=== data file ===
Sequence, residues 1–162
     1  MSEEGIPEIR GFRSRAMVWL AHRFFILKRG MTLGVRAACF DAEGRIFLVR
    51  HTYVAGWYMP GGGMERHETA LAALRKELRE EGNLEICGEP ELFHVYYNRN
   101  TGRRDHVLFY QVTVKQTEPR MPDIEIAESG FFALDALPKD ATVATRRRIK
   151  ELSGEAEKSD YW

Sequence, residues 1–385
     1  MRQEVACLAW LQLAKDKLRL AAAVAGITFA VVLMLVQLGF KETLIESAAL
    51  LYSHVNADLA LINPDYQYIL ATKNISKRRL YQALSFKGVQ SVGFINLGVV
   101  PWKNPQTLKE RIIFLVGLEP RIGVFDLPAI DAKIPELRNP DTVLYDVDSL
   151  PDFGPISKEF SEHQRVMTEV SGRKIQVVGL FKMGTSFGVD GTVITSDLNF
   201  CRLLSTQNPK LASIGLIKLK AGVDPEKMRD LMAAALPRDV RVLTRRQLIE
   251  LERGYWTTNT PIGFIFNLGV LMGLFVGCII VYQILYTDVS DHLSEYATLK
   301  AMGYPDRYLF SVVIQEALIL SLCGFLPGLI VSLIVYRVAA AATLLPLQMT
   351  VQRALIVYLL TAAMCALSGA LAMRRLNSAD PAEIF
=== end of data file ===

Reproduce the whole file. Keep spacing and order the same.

Sequence, residues 1–162
     1  MSEEGIPEIR GFRSRAMVWL AHRFFILKRG MTLGVRAACF DAEGRIFLVR
    51  HTYVAGWYMP GGGMERHETA LAALRKELRE EGNLEICGEP ELFHVYYNRN
   101  TGRRDHVLFY QVTVKQTEPR MPDIEIAESG FFALDALPKD ATVATRRRIK
   151  ELSGEAEKSD YW

Sequence, residues 1–385
     1  MRQEVACLAW LQLAKDKLRL AAAVAGITFA VVLMLVQLGF KETLIESAAL
    51  LYSHVNADLA LINPDYQYIL ATKNISKRRL YQALSFKGVQ SVGFINLGVV
   101  PWKNPQTLKE RIIFLVGLEP RIGVFDLPAI DAKIPELRNP DTVLYDVDSL
   151  PDFGPISKEF SEHQRVMTEV SGRKIQVVGL FKMGTSFGVD GTVITSDLNF
   201  CRLLSTQNPK LASIGLIKLK AGVDPEKMRD LMAAALPRDV RVLTRRQLIE
   251  LERGYWTTNT PIGFIFNLGV LMGLFVGCII VYQILYTDVS DHLSEYATLK
   301  AMGYPDRYLF SVVIQEALIL SLCGFLPGLI VSLIVYRVAA AATLLPLQMT
   351  VQRALIVYLL TAAMCALSGA LAMRRLNSAD PAEIF